What was the major difference between 20 percent and 80 percent? It was the commitment to continuous learning and upgrading of skills. People in the top 20 percent bought all the books, attended all the courses, listened to all of the audio programs, and continually sought ways to do their jobs better, cheaper, and faster.

The Race Is On

No one stays in the same place for very long. If you are not continually upgrading your knowledge and skills, you are not staying even. You are actually falling further and further behind, while people who are aggressive about continuous learning are moving further and faster ahead.

Most people today are stuck in a rut, and the only difference between a rut and a grave is the depth. As motivational speaker Jim Rohn said, “If you’re stuck in a rut, I hope a wagon wheel comes along to motivate you out of it.”

Open Up Your Thinking

There are several powerful, practical thinking tools that you can use to unlock your creativity, expand your thinking, and move out of the comfort zone. The all-around champion tool to change your perspective and to develop higher levels of flexibility is “zero-based thinking.”

Zero-based thinking comes from zero-based accounting. In zero-based accounting, you challenge every expense at the beginning of every accounting period.

You ask not whether you should increase or decrease a particular expense but whether or not you should be spending money in this area at all. In zero-based thinking, you ask the brutal question, “Is there anything that we are doing today that, knowing what we now know, we wouldn’t start up again if we had to do it over?”

Start with Your Relationships

In zero-based thinking, start with your relationships of all kinds. Is there any person in your business or personal life that you would not get involved with again if you had to do it over?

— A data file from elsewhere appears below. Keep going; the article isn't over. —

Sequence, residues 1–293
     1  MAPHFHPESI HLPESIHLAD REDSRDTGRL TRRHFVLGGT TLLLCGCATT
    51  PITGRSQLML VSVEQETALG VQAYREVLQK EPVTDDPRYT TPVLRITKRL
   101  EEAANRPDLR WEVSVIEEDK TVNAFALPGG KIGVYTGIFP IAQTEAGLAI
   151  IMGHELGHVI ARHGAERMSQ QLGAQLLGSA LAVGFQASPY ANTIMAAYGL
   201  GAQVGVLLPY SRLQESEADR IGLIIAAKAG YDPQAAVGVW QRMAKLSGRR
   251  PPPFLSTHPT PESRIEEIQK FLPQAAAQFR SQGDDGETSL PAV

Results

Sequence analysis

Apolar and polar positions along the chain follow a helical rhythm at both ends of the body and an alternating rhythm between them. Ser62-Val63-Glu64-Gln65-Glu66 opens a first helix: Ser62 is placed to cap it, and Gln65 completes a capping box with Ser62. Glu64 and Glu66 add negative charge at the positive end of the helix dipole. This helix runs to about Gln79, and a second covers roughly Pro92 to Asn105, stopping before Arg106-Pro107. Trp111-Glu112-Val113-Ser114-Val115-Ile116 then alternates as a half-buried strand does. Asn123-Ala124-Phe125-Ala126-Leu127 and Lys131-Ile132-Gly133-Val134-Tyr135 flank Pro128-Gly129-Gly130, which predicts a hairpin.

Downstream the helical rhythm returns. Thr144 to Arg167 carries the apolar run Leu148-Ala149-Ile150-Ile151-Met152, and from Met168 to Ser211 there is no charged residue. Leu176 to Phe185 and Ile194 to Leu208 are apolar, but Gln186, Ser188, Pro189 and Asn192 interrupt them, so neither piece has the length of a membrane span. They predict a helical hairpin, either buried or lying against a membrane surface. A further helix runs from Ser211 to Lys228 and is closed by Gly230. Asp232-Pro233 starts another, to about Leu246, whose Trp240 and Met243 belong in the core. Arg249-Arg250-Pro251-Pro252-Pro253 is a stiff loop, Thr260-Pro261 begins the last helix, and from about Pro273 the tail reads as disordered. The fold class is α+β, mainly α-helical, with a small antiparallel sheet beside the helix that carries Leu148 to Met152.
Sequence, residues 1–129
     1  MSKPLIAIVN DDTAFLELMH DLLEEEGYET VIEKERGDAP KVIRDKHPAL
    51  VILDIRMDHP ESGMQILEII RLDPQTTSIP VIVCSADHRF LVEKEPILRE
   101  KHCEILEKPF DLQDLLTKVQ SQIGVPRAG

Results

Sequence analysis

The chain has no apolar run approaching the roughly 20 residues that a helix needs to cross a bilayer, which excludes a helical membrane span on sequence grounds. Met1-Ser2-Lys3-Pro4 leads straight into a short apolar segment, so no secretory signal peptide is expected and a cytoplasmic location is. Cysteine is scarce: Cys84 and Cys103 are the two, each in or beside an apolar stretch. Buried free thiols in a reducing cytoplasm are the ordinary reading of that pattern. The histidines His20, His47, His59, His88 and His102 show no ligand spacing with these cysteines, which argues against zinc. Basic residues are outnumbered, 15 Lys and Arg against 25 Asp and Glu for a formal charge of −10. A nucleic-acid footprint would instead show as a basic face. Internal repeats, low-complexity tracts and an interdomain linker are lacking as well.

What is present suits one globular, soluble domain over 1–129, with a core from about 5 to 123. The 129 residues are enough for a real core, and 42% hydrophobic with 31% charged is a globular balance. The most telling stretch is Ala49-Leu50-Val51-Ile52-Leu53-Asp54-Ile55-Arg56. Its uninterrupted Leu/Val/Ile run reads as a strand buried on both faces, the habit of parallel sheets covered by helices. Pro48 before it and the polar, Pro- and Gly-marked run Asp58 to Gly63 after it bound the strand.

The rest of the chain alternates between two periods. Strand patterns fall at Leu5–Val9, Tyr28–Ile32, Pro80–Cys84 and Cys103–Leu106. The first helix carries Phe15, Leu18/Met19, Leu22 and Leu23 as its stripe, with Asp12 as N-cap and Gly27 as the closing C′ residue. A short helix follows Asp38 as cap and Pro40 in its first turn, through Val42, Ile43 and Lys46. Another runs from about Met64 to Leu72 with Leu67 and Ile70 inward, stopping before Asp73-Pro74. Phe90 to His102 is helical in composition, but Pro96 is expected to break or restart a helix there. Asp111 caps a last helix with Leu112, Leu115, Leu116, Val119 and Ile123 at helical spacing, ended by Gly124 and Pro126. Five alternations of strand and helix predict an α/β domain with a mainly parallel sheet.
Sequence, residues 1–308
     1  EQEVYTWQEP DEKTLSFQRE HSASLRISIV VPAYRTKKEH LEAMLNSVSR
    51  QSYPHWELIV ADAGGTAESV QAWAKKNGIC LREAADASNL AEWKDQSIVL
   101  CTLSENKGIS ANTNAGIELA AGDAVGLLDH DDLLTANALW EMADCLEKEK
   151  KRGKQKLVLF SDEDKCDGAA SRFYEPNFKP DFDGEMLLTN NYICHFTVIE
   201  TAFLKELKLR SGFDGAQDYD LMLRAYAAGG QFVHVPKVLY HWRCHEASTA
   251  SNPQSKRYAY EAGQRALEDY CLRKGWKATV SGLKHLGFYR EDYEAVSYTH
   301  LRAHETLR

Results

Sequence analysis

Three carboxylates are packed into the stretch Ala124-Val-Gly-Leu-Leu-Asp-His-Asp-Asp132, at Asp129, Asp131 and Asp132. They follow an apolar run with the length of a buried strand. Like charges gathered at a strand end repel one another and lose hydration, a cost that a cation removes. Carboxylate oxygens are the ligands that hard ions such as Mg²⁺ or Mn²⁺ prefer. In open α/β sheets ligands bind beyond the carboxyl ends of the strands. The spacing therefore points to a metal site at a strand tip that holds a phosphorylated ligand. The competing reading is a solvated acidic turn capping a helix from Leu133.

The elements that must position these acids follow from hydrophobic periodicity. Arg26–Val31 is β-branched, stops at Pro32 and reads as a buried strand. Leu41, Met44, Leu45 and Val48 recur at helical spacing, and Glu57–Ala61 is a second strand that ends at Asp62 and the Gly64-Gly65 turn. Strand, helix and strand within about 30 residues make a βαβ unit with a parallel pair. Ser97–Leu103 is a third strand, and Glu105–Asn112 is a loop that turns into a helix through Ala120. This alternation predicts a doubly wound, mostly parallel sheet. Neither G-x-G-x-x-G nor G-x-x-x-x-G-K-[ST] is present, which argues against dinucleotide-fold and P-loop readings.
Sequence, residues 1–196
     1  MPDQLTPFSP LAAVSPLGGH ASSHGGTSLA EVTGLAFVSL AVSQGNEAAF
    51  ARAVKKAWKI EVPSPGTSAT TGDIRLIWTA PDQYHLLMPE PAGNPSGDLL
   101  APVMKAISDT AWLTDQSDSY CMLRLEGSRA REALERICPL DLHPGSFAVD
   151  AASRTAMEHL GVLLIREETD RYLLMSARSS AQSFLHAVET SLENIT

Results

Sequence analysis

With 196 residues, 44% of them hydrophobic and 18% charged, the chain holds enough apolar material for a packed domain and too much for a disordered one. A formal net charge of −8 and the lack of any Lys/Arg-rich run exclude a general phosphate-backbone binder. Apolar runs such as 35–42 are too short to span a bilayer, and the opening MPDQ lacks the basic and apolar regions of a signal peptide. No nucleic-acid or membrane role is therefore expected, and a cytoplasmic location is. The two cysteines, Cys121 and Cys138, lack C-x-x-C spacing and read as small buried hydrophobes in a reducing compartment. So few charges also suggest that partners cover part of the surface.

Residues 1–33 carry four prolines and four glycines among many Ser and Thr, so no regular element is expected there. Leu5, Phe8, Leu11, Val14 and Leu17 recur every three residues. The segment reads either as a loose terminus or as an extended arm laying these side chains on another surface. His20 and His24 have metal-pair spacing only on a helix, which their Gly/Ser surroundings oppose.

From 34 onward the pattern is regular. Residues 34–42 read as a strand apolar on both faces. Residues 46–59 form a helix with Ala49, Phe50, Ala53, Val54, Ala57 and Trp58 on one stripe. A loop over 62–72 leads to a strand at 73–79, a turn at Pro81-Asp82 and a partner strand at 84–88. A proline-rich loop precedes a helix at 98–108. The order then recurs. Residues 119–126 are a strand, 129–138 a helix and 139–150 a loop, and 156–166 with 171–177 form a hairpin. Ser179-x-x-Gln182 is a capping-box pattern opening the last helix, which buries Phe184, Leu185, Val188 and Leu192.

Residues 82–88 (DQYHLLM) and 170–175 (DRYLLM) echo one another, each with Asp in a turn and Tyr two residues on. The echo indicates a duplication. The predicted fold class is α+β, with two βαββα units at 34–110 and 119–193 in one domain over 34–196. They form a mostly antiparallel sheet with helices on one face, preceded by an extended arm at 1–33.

Is there anyone in your business whom you would not hire, assign or delegate tasks to, promote, or even go to work for today knowing what you now know? If there is someone whom you would not get involved with again today, the only question is,

“How do you end this situation, and how fast?” Can you guess how many of your decisions will turn out to be wrong in the fullness of time? According to the American Management Association, fully 70 percent of decisions made in the world of work, and probably in personal life, turn out to be wrong eventually.

They can be a little bit wrong, a lot wrong, or totally wrong. To develop high levels of flexibility, to perform at your best, you must be prepared to make the three statements of the superior executive.


1. Examine your personal and corporate business model. Ask yourself if there could be a better way for you to generate sales, profitability, and personal income.

2. Apply the KWINK analysis to every part of your business and personal life. “Knowing what I now know, is there anything that I am doing that I would not get into again today if I had it to do over?”

3. What should you do more of, less of, start, or stop altogether to get different and better results?